The title of this post refers not, as you might suppose, to what remains of a football team formation after two players have been sent off for kicking chunks out of the opposing team or, indeed, having been caught out diving and rolling around on the ground UNlike big girls* No, 4-2-2 is the magic formula for baking a basic cake.
*see Olympic ladies hockey team playing on with broken noses/jaws and blood pouring down their faces
What do you mean you didn’t know that? Well now you do…What does 4-2-2 mean? Oh, right, it’s the proportion of flour to sugar and butter 🙂 Of course, you need a few other things too, but it’s the basis of a cake batter that you can use to make muffins or other coarse cakes. In this instance, I used it to wrap around the damsons that were left over when I decanted my damson brandy a few days ago. Here’s the result. (The cracking is because I had to go out when the cake still needed a few minutes, so I turned off the oven and left it in there.)
No boozy damsons, eh? Fear not, it works just as well with other stuff. At some time in your life, if you haven’t already, you will receive as a gift (probably for Christmas), a nice jar containing some kind of fruit in booze or boozy syrup. You will make polite noises to hide your bewilderment, then consign it to the back of a shelf in the cupboard and forget all about it. Years later, you may unearth it and throw it out because it’s out of so out of date you aren’t prepared to risk using it and you never knew what you were supposed to do with it anyway. Sound familiar? Well, if it doesn’t, the time will come, but you will be prepared. Here, my friends, is a use for the contents of that jar. In the meantime, you can practise with fresh plums, other soft fruits, even tinned fruit or preserves, but if you like the boozy aspect, try soaking some sultanas or raisins in your favourite liqueur. If that doesn’t float your boat, you can always add some cocoa powder for a quick and easy chocolate cake. The possibilities are endless.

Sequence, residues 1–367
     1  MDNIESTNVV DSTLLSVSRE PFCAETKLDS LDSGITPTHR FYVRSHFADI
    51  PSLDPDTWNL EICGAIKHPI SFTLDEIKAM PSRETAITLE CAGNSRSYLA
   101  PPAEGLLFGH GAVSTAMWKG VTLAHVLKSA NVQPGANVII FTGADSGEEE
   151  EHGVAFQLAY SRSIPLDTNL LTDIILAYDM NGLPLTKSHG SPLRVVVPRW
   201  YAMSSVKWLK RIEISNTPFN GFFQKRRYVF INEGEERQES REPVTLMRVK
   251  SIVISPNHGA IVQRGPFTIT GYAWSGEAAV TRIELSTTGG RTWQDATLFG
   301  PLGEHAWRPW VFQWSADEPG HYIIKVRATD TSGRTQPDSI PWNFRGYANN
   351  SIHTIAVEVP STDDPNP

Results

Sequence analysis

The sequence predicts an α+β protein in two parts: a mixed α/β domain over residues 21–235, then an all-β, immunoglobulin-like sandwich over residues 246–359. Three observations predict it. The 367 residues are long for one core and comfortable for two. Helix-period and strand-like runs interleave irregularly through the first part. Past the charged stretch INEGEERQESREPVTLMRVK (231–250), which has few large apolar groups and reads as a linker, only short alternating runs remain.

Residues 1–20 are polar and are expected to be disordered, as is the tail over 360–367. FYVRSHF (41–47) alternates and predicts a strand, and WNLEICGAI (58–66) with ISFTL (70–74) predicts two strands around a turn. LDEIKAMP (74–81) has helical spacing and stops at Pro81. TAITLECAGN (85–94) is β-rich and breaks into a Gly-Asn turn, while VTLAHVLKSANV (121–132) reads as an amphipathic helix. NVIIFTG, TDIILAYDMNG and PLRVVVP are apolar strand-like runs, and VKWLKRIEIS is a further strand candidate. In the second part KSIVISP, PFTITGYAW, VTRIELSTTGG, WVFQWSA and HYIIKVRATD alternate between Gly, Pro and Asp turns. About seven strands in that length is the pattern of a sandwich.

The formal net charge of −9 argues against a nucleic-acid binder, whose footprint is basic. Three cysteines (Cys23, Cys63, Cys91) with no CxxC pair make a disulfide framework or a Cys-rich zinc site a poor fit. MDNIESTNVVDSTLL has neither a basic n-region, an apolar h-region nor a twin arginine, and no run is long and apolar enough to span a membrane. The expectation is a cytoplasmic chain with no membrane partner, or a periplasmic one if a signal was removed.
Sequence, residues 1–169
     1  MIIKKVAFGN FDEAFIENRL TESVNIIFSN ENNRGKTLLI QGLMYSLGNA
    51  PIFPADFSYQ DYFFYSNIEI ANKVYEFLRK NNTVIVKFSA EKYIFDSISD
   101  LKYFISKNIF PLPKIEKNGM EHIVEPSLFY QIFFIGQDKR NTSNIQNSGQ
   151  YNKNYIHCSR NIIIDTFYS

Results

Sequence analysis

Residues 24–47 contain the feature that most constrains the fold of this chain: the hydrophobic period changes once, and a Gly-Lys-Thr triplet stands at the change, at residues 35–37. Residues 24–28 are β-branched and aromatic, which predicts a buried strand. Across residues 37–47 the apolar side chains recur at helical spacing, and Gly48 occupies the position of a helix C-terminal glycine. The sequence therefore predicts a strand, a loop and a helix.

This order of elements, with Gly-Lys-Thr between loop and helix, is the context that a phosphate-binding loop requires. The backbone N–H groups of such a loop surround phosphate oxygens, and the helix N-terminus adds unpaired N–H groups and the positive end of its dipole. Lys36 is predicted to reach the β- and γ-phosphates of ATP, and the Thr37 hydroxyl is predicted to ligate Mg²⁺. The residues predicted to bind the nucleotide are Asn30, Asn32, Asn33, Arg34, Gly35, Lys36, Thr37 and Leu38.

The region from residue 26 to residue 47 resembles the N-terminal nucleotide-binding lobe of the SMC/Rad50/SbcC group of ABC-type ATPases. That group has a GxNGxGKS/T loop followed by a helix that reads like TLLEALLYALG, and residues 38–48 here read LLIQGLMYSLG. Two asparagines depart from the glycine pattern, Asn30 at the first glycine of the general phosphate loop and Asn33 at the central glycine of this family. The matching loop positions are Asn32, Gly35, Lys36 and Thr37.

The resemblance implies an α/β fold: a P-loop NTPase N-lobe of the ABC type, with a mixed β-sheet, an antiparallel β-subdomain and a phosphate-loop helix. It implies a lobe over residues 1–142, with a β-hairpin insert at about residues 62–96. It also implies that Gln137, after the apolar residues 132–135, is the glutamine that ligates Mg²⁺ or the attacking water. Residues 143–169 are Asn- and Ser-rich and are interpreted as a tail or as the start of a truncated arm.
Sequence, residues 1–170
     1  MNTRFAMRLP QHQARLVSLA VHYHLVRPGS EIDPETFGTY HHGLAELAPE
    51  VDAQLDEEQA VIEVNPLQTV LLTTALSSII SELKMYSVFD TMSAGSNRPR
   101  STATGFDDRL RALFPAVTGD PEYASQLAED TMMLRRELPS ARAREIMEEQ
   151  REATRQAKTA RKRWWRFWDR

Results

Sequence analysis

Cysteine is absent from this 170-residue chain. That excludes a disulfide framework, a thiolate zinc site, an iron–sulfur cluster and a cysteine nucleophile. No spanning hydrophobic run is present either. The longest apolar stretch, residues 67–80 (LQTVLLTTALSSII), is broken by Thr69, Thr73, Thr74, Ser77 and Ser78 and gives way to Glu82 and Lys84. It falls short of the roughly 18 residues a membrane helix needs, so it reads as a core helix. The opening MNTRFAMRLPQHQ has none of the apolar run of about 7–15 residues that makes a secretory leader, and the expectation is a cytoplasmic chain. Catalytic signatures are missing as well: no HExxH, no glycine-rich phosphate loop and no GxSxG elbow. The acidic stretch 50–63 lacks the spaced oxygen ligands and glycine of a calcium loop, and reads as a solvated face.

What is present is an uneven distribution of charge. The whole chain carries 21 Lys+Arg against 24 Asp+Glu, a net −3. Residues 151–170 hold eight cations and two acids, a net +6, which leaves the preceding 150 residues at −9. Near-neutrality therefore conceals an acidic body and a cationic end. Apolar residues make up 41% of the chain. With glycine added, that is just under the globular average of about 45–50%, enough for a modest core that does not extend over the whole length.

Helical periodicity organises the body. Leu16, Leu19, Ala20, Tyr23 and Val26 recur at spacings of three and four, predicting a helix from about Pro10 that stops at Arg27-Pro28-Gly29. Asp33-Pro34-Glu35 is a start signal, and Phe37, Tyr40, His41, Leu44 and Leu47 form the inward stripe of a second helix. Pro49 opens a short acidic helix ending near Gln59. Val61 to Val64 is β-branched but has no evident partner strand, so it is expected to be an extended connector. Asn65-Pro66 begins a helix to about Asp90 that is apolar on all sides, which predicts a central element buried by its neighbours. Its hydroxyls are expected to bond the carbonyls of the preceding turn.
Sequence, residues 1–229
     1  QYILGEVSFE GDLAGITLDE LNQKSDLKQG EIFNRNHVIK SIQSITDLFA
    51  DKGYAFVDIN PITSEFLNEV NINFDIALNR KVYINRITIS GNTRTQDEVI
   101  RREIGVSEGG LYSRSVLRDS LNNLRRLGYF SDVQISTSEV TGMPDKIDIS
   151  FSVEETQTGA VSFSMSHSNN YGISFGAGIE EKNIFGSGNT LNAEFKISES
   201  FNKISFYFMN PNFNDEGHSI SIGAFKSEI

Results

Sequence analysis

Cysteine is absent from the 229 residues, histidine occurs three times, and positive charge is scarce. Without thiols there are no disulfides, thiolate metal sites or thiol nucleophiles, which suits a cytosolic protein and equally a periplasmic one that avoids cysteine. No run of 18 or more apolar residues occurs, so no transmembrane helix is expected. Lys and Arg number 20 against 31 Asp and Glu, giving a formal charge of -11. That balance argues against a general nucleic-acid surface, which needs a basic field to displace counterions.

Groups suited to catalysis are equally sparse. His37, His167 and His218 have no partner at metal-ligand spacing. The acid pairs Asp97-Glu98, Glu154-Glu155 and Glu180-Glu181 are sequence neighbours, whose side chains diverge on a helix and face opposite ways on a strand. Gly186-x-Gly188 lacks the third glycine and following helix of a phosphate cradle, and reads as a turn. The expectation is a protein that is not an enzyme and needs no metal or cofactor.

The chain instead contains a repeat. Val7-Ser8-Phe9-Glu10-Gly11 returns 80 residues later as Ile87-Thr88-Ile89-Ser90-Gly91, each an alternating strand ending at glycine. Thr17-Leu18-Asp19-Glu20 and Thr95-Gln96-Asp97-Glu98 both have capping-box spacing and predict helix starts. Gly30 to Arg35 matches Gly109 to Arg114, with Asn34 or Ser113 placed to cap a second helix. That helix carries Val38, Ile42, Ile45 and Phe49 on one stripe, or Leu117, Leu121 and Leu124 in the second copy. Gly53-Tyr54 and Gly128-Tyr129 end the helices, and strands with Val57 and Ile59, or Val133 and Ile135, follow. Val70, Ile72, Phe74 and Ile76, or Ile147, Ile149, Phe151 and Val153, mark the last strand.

So without further ado, here is the recipe for my Happy Cake. (We named it that because the brandy soaked damsons put a very big grin on DD’s face #parentingfail).